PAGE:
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Atomico Need-To-Know 8 January 2018


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Atomico's Need-to-Know, 8 January 2018 - Essential Information for Founders and VCs

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Atomico Need-To-Know 8 January 2018

  1. 1. 8 January 2018 1 Atomico Need-to-Know
  2. 2. This is a regularly-updated collection of things we (@atomico) found interesting and important in tech and VC land, but that didn’t necessarily get the attention they deserve. We think of them as our hidden little gems. We’ll add to the collection over time, so bookmark the page and keep coming back for updates or to dig into the archive. 2
  3. 3. Top 3 Key Points ● Community: Even if there is a correction (many ‘dubious’ utility tokens that are likely to ‘go to zero’), expect to see a large expansion of the crypto community in 2018 in terms of individuals, participating enterprises (think FB), investors (institutions!), and, most importantly, developers ● Usability: Important progress on improving the core tech infrastructure (e.g. initiatives such as Casper on ETH chain, transition from PoW to PoS), as well as in terms of accessibility of crypto (focus on UX/UI, services, etc) to further strengthen the fundamentals of decentralized technology. ● Oversight: There will be material advances to improve oversight in the space, covering many infrastructural and regulatory aspects including models for fundraising/token issuance, investor protection, taxation, security, code integrity, etc. 3 Thinking ahead about crypto/blockchain in 2018 Source(s):,,, The Takeaway Irrespective of which way the total coin market cap counter swings (now at $0.8T, up 46x from $17B a year ago), 2018 will be a year of much-needed breakthroughs that lead to material progress in the deployment, adoption, regulation and use of crypto technology Points of Debate / Next Steps ● Where will total coin/token market cap end up in 2018? :) ● Will ‘mainstream’ talent flow into the space from established (centralised) companies? ● How will regulation help to create better certainty for participants in the decentralised ecosystem? The Story “How many unbanked people have we banked? How much censorship-resistant commerce for the common people have we enabled? How many dapps [distributed applications] have we created that have substantial usage? How much value is stored in smart contracts that actually do anything interesting? How many Venezuelans have actually been protected by us from hyperinflation? How much actual usage of micropayment channels is there actually in reality?” - Vitalik Buterin, Ethereum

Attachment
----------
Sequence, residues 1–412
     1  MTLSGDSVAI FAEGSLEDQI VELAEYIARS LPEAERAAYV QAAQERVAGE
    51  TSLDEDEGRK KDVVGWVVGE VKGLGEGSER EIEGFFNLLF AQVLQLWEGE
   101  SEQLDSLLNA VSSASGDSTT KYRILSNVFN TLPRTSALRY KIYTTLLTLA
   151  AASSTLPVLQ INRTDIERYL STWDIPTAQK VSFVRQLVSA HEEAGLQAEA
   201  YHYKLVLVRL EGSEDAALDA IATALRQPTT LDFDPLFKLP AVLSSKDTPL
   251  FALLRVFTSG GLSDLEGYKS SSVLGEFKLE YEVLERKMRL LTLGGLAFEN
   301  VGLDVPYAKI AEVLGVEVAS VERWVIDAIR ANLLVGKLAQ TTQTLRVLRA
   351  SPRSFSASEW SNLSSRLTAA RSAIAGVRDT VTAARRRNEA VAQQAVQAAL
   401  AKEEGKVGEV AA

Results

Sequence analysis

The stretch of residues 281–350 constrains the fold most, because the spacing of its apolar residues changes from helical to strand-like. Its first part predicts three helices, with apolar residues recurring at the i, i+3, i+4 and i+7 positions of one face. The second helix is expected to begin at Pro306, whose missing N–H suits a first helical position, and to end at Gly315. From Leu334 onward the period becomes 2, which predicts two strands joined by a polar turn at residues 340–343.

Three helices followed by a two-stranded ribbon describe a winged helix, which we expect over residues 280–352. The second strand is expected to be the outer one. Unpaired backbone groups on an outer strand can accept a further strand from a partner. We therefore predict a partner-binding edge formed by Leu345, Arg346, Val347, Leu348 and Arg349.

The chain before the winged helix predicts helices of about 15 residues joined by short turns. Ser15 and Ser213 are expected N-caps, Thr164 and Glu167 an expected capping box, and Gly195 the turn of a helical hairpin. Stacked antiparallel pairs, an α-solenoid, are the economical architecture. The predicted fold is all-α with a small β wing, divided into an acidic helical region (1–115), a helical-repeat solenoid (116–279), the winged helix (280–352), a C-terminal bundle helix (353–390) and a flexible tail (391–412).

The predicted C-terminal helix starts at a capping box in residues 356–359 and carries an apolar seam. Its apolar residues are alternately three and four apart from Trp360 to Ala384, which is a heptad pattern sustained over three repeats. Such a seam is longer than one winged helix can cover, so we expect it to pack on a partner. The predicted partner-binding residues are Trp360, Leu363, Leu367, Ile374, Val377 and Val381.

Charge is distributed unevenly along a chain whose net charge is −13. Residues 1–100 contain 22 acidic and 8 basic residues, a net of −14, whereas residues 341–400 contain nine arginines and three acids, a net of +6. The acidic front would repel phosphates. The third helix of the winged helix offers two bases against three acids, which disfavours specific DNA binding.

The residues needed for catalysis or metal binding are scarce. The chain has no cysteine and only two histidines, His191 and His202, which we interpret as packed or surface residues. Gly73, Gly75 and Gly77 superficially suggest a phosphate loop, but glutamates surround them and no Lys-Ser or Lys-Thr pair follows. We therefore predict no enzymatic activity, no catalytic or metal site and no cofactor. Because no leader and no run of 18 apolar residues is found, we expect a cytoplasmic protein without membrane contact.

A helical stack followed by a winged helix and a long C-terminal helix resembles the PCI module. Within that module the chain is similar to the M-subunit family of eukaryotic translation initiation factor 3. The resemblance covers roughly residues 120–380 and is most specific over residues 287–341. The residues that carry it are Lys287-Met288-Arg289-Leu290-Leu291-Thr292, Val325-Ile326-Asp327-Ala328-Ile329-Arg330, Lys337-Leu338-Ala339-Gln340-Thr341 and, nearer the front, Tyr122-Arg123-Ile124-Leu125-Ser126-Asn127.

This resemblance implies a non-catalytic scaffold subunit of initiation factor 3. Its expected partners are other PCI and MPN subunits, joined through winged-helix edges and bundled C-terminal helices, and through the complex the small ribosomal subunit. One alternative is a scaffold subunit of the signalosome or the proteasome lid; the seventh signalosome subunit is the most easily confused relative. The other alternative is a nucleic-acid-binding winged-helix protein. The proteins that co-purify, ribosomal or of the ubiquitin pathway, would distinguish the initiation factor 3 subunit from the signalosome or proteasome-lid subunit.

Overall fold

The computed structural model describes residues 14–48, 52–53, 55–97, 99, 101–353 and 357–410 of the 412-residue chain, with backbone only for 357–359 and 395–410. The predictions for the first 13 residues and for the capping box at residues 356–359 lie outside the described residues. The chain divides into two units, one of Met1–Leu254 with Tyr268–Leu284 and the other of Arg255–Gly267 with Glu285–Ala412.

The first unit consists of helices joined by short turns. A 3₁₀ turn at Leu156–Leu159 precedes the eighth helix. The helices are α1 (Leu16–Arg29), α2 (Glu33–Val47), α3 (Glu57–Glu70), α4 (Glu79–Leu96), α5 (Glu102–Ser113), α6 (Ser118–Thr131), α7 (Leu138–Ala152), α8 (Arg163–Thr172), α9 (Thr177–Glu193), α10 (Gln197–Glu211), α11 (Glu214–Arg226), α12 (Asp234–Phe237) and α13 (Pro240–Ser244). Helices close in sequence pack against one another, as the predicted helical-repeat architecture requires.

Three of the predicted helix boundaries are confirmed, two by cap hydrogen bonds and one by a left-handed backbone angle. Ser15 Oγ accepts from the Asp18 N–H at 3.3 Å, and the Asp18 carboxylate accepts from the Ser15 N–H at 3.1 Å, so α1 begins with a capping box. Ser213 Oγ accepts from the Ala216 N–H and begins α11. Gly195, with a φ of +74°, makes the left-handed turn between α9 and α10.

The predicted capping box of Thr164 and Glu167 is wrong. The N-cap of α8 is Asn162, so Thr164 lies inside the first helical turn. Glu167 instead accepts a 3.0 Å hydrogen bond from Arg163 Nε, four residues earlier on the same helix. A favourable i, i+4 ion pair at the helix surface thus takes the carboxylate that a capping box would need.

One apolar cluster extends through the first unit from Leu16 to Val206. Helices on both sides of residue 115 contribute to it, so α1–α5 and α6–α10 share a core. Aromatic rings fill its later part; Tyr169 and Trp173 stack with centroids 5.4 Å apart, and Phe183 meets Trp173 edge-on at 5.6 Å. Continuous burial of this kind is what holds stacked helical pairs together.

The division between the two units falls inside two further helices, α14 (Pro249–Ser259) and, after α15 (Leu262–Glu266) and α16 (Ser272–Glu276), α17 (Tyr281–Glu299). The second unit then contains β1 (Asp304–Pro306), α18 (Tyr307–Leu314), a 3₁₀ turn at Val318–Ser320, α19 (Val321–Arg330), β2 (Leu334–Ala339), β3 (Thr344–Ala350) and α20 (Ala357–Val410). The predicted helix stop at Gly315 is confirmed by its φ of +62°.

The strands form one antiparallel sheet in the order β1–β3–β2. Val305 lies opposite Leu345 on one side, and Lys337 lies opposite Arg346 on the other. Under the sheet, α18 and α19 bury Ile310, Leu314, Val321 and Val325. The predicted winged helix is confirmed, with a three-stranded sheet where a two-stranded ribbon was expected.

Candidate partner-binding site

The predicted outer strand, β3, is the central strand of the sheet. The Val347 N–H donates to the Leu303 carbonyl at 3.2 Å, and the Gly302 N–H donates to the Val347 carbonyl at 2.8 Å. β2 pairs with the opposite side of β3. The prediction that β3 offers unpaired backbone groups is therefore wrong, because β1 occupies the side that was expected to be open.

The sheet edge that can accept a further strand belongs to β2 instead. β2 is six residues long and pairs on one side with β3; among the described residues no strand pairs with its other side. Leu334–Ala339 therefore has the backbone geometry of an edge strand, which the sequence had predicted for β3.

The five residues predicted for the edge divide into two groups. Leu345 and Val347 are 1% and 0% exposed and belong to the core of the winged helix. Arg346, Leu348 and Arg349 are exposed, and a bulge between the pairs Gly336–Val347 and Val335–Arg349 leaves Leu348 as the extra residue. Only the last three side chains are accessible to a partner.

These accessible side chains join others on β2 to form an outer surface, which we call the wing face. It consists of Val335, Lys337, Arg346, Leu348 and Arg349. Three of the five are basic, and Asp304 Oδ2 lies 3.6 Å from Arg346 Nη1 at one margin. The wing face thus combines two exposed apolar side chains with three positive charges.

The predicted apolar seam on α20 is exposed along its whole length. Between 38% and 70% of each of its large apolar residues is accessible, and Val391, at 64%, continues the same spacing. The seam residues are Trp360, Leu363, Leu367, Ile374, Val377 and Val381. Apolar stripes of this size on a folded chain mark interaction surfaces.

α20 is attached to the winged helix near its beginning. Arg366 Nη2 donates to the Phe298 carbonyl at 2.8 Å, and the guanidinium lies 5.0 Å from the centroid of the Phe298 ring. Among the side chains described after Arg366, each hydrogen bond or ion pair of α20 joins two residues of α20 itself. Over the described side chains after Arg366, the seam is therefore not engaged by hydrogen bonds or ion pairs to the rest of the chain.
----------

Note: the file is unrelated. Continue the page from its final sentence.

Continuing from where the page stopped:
4. 4. Top 3 Key Points ● Over the past few decades, there has been a decline in both “communal” and “live” entertainment and activities with the proliferation of social networks and on-demand viewing ● The success of examples such as HQ Trivia (with ~2x daily live trivia) and Peloton (with ~14x daily live spin classes) indicate that there is also a desire to connect synchronously - to do the same thing at the same time in a connected way ● While on-demand and asynchronous will certainly continue to be the bulk of the media we consume, live communal viewing appears to still hold a unique strategic value 4 The rise of live communal interactions in the age of Netflix Source: The Takeaway Despite an ever-increasing transformation towards on-demand entertainment and activities, the success of models such as HQ Trivia, Peloton and Cheddar suggest that there is still value in, and a desire for, certain forms of live communal interactions Points of Debate / Next Steps ● What is the fundamental driver of a desire to do the same thing at the same time in a connected way? The content, interactions, or participation etc.? ● How do these models scale sustainably? Is there a critical mass that needs to be hit, and conversely, a breaking point at which is becomes ‘too big’? ● Is it possible to sustain the appeal of these models, or is a faddish element inherent to them? “It’s antithetical to the way social networks have been predominantly used, connecting people but doing so asynchronously. What if there’s a desire for people doing the same thing at the same time in a connected way?” - M.G. Siegler, GV